Demographics of Serbia

From Wikipedia, the free encyclopedia
Jump to navigation Jump to search
Demographics of Serbia
Population Decrease 7,020,858 (30 June 2017)[1]
Growth rate Negative increase −5.5 per 1,000 pop. (2017)[1]
Birth rate Decrease 9.2 per 1,000 pop. (2017)[1]
Death rate Negative increase 14.8 per 1,000 pop. (2017)[1]
Life expectancy Increase 75.1 years (2016)[1]
 • male 72.6 years
 • female 77.7 years
Fertility rate Increase 1,48 children born/woman (2016)[1]
Infant mortality rate Positive decrease 5.4 deaths/1,000 infants (2016)[1]
Net migration rate Decrease -1.6 migrant(s)/1,000 pop. (2011)
Age structure
0–14 years Decrease 14.4% (2016)[1]
15–64 years Decrease 66.4% (2016)[1]
65 and over Increase 19.2% (2016)[1]
Sex ratio
At birth 1.06 male(s)/female
Under 15 1.06 male(s)/female
15–64 years 0.99 male(s)/female
65 and over 0.72 male(s)/female
Nationality
Nationality noun: Serbian(s) adjective: Serbian
Major ethnic Serbs Increase (83.3%)
Minor ethnic Hungarians Decrease (3.5%)
Roma Increase (2.1%)
Bosniaks Increase (2%)
other minorities less than 1% respectively
Language
Official Serbian at national level;
Hungarian, Bosnian, Croatian, Slovakian, Albanian, Romanian and Rusyn are in official use in individual municipalities
Spoken Serbian Steady (88%)
Hungarian Decrease (3.4%)
Bosnian Increase (1.9%)
Romani Increase (1.4%)
other minority languages less than 1% respectively

This article is about the demographic features of the population of Serbia; including vital statistics, ethnicity, religious affiliations, education level, health of the populace, and other aspects of the population.

History[edit]

Censuses in Serbia ordinarily take place every 10 years, organized by the Statistical Office of the Republic of Serbia. The Principality of Serbia had conducted the first population census in 1834; the subsequent censuses were conducted in 1841, 1843, 1846, 1850, 1854, 1859, 1863 and 1866 and 1874. During the era Kingdom of Serbia, six censuses were conducted in 1884, 1890, 1895, 1900, 1905 and the last one being in 1910. During the Kingdom of Yugoslavia, censuses were conducted in 1931 and 1921; the census in 1941 was never conducted due to the outbreak of World War II. Socialist Yugoslavia conducted censuses in 1948, 1953, 1961, 1971, 1981, and 1991. The two most recent censuses were held in 2002 and 2011.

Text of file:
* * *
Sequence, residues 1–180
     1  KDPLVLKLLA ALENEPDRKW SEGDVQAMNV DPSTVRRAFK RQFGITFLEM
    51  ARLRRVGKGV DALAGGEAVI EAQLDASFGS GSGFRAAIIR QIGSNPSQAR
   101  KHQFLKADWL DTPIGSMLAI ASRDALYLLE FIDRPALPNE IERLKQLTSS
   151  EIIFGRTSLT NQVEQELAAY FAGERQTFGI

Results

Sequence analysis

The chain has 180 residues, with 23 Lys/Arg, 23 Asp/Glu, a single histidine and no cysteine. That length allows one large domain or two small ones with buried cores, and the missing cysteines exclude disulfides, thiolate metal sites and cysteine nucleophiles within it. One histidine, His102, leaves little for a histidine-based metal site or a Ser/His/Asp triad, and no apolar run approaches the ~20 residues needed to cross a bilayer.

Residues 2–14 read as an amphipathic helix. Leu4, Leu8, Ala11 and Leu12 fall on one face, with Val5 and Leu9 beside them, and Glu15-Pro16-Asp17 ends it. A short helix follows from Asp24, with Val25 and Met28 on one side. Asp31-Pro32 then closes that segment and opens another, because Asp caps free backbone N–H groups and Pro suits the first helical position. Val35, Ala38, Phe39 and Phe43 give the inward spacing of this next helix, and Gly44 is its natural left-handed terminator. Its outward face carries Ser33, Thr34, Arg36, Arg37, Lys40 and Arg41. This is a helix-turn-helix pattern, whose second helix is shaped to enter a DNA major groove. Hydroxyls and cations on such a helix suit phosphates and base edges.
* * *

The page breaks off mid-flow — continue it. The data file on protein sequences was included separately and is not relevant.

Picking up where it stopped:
The years since the first 1834 Census saw frequent border changes of Serbia, first amidst the disintegration of the Ottoman Empire and Austria-Hungary, then subsequent formation and later disintegration of Yugoslavia and, finally, recent self-proclaimed independence of Kosovo which affected territorial scope in which all these censuse have been conducted.

Historical population
YearPop.±%
1834678,192—    
1841828,895+22.2%
1843859,545+3.7%
1846915,080+6.5%
1850956,893+4.6%
1854998,919+4.4%
18591,078,281+7.9%
18631,108,668+2.8%
18661,216,219+9.7%
18741,669,337+37.3%
18841,901,336+13.9%
18952,493,770+31.2%
19102,922,858+17.2%
19214,781,446+63.6%
19315,675,567+18.7%
19485,794,966+2.1%
19536,163,154+6.4%
19616,678,227+8.4%
19717,202,591+7.9%
19817,729,676+7.3%
19917,822,915+1.2%
20027,498,001−4.2%
20117,253,862−3.3%
20177,040,272−2.9%

Vital statistics[edit]

1950–2017[edit]

Data for Serbia excluding Kosovo.

Average population (x 1000) Live births Deaths Natural change Crude birth rate (per 1000) Crude death rate (per 1000) Natural change (per 1000) Total fertility rate
1950 5 970 163 297 76 851 86 446 27.4 12.9 14.5 3,51
1951 6 043 145 197 80 034 65 163 24.0 13.2 10.8 3,07
1952 6 112 161 306 67 870 93 436 26.4 11.1 15.3 3,33
1953 6 188 151 672 68 168 83 504 24.5 11.0 13.5 3,03
1954 6 274 152 569 62 610 89 959 24.3 10.0 14.3 3,05
1955 6 358 140 396 65 179 75 217 22.1 10.3 11.8 2,81
1956 6 425 132 078 67 055 65 023 20.6 10.4 10.1 2,66
1957 6 481 118 535 64 885 53 650 18.3 10.0 8.3 2,38
1958 6 535 118 425 55 564 62 861 18.1 8.5 9.6 2,45
1959 6 585 114 872 60 850 54 022 17.4 9.2 8.2 2,40
1960 6 635 119 298 61 872 57 426 18.0 9.3 8.7 2,56
1961 6 693 115 222 57 990 57 232 17.2 8.7 8.6 2,51
1962 6 752 110 008 62 830 47 178 16.3 9.3 7.0 2,47
1963 6 809 108 324 57 778 50 546 15.9 8.5 7.4 2,46
1964 6 863 103 847 62 100 41 747 15.1 9.0 6.1 2,51
1965 6 916 106 699 58 856 47 843 15.4 8.5 6.9 2,43
1966 6 974 103 775 55 471 48 304 14.9 8.0 6.9 2,45
1967 7 027 103 491 62 915 40 576 14.7 9.0 5.8 2,40
1968 7 078 103 621 60 932 42 689 14.6 8.6 6.0 2,41
1969 7 127 105 478 68 152 37 326 14.8 9.6 5.2 2,27
1970 7 171 102 453 67 211 35 242 14.3 9.4 4.9 2,40
1971 7 214 104 070 65 872 38 198 14.4 9.1 5.3 2,30
1972 7 258 106 859 70 822 36 037 14.7 9.8 5.0 2,28
1973 7 303 108 361 67 152 41 209 14.8 9.2 5.6 2,31
1974 7 351 110 458 66 457 44 001 15.0 9.0 6.0 2,32
1975 7 401 112 945 69 590 43 355 15.3 9.4 5.9 2,35
1976 7 452 114 035 68 565 45 470 15.3 9.2 6.1 2,28
1977 7 503 111 510 68 924 42 586 14.9 9.2 5.7 2,26
1978 7 550 110 622 71 986 38 636 14.7 9.5 5.1 2,23
1979 7 611 109 953 72 306 37 647 14.4 9.5 4.9 2,14
1980 7 688 109 597 76 180 33 417 14.3 9.9 4.3 2,26
1981 7 729 103 407 78 086 25 321 13.4 10.1 3.3 2,24
1982 7 738 106 575 78 473 28 102 13.8 10.1 3.6 2,31
1983 7 747 108 003 83 506 24 497 13.9 10.8 3.2 2,23
1984 7 754 107 036 82 742 24 294 13.8 10.7 3.1 2,21
1985 7 759 101 938 81 836 20 102 13.1 10.5 2.6 2,22
1986 7 759 99 419 83 977 15 442 12.8 10.8 2.0 2,21
1987 7 757 98 279 83 426 14 853 12.7 10.8 1.9 2,24
1988 7 755 97 471 83 616 13 855 12.6 10.8 1.8 2,22